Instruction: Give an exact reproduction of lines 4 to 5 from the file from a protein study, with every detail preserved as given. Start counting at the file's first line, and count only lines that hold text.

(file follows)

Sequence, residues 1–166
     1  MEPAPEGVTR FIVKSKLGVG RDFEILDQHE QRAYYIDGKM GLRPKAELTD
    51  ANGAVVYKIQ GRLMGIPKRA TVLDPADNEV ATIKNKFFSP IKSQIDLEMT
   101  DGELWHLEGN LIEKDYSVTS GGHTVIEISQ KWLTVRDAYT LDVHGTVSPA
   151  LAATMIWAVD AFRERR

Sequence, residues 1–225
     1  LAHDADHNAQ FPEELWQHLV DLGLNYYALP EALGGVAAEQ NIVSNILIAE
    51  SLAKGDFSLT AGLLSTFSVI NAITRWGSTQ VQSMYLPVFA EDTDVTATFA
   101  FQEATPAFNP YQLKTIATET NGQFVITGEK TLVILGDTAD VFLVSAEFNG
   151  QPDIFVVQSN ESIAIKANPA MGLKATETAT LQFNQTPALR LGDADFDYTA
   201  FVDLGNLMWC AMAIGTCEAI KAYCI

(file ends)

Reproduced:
   101  DGELWHLEGN LIEKDYSVTS GGHTVIEISQ KWLTVRDAYT LDVHGTVSPA
   151  LAATMIWAVD AFRERR